For about thirty years now, security researchers have been talking about using digital signatures in court. Thousands of academic papers have had punchlines like “the judge then raises X to the power Y, finds it’s equal to Z, and sends Bob to jail”. So far, this has been pleasant speculation.
Now the rubber starts to hit the road. Since 2006 trucks in Europe have been using digital tachographs. Tachographs record a vehicle’s speed history and help enforce restrictions on drivers’ working hours. For many years they have used circular waxed paper charts, which have been accepted in court as evidence just like any other paper record. However, paper charts are now being replaced with smartcards. Each driver has a card that records 28 days of infringement history, protected by digital signatures. So we’ve now got the first widely-deployed system in which digital sigantures are routinely adduced in evidence. The signed records are being produced to support prosecutions for working too long hours, for speeding, for tachograph tampering, and sundry other villainy.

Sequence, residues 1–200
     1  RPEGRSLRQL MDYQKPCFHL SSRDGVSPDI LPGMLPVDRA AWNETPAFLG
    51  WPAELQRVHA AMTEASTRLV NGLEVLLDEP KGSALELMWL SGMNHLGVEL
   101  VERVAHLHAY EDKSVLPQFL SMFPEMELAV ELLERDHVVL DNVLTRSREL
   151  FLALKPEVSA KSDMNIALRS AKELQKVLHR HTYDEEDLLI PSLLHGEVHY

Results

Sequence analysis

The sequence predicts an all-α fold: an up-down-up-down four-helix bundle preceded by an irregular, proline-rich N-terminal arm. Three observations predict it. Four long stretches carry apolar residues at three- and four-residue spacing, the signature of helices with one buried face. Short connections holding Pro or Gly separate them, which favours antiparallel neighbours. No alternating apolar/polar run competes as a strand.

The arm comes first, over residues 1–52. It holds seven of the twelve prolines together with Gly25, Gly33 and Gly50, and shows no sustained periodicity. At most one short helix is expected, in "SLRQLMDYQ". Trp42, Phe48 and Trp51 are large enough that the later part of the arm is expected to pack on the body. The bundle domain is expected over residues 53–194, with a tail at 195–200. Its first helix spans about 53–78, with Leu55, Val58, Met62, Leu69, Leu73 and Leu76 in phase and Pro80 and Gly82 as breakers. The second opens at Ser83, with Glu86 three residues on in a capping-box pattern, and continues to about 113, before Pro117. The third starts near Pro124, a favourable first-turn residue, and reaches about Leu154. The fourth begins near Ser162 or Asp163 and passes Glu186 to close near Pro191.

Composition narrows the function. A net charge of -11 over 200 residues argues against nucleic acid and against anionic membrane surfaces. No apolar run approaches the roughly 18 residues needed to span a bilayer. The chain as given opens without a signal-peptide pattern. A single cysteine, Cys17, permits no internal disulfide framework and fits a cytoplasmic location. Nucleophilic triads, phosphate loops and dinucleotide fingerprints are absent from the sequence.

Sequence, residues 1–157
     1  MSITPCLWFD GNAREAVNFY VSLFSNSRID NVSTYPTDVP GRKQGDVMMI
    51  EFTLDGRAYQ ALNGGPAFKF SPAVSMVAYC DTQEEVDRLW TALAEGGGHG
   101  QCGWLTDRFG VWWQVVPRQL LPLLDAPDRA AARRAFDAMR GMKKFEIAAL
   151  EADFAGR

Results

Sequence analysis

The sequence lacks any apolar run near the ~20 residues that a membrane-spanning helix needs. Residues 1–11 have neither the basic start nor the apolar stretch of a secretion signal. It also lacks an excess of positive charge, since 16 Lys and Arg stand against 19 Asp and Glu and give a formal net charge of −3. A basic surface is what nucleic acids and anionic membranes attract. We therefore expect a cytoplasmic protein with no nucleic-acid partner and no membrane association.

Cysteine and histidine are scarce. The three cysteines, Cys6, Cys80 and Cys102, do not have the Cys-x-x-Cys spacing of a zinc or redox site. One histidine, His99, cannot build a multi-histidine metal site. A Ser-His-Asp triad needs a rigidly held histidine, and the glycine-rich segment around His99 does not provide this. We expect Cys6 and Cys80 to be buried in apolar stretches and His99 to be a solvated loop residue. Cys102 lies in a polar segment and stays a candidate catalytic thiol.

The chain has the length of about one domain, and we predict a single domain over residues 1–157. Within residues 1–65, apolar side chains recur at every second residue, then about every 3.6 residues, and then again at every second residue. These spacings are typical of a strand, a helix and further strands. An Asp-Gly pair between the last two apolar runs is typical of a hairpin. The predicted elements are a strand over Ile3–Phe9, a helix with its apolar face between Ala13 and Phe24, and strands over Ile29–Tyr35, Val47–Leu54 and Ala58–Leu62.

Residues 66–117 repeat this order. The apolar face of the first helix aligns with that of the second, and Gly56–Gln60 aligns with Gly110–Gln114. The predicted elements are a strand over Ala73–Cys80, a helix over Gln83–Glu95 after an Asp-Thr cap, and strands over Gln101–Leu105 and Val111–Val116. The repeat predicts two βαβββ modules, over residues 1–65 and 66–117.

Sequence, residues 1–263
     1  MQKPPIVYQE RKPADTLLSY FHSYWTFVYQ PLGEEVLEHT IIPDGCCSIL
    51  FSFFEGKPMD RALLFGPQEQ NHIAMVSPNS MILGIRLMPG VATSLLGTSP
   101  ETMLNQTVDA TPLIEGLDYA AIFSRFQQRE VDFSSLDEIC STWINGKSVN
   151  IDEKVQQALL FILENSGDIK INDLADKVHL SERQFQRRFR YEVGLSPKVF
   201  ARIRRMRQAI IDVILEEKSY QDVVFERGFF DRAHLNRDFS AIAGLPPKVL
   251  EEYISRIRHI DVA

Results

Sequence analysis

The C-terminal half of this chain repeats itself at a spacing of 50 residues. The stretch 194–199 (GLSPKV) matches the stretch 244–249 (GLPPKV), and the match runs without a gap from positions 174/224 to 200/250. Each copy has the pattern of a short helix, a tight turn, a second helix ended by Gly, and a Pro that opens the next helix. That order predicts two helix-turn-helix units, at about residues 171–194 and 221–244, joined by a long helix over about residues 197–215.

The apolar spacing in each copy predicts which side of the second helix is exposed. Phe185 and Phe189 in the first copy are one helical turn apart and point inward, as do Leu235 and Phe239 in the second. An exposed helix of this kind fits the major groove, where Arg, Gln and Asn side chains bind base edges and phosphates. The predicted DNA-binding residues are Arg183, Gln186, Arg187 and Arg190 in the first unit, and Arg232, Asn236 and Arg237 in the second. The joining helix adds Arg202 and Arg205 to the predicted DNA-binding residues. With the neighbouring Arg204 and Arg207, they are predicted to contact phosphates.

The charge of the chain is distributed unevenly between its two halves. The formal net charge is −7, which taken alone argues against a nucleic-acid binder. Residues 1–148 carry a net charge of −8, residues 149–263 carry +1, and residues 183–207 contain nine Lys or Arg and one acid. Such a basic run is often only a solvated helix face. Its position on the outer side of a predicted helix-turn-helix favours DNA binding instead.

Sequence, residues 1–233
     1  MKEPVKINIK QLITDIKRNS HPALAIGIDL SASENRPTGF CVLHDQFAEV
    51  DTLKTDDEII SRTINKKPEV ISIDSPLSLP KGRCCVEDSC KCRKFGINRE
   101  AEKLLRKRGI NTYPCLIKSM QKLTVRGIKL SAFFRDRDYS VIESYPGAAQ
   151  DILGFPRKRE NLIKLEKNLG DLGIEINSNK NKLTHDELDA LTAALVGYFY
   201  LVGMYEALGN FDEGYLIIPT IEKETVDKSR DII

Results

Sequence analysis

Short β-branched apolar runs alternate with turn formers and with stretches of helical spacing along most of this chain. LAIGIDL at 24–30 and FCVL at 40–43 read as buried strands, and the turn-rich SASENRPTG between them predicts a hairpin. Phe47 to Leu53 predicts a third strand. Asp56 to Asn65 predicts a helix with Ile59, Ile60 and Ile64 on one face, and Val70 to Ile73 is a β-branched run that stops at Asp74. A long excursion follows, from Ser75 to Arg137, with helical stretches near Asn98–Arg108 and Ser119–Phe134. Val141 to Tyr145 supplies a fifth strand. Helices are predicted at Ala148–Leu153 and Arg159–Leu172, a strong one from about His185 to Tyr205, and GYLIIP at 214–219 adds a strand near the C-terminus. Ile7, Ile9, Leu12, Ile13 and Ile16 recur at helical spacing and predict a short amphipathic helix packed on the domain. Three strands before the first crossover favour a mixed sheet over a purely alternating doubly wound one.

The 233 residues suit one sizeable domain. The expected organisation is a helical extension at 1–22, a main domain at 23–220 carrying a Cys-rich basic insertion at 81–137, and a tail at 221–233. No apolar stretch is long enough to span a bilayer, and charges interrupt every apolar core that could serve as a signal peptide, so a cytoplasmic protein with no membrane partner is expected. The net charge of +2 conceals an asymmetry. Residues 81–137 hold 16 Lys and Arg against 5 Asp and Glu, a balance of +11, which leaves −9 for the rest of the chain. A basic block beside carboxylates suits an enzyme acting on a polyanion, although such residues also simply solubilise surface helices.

So do magistrates really raise X to the power Y, find it’s equal to Z, and send Eddie off to jail? Not according to enforcement folks I’ve spoken to. Apparently judges find digital signatures too “difficult” as they’re all in hex. The police, always eager to please, have resolved the problem by applying standard procedures for “securing” digital evidence. When they raid a dodgy trucking company, they image the PC’s disk drive and take copies on DVDs that are sealed in evidence bags. One gets given to the defence and one kept for appeal. The paper logs documenting the procedure are available for Their Worships to inspect. Everyone’s happy, and truckers duly get fined.
In fact the trucking companies are very happy. I understand that 20% of British trucks now use digital tachographs, well ahead of expectations. Perhaps this is not uncorrelated with the fact that digital tachographs keep much less detailed data than could be coaxed out of the old paper charts. Just remember, you read it here first.